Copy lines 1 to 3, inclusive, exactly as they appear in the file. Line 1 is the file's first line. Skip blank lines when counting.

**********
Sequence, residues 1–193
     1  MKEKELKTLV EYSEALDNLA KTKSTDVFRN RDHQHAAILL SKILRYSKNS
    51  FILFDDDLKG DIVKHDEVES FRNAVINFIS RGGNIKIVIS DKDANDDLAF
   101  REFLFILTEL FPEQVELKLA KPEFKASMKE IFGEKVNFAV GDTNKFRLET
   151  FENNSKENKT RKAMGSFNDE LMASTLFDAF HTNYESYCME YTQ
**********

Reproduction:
Sequence, residues 1–193
     1  MKEKELKTLV EYSEALDNLA KTKSTDVFRN RDHQHAAILL SKILRYSKNS
    51  FILFDDDLKG DIVKHDEVES FRNAVINFIS RGGNIKIVIS DKDANDDLAF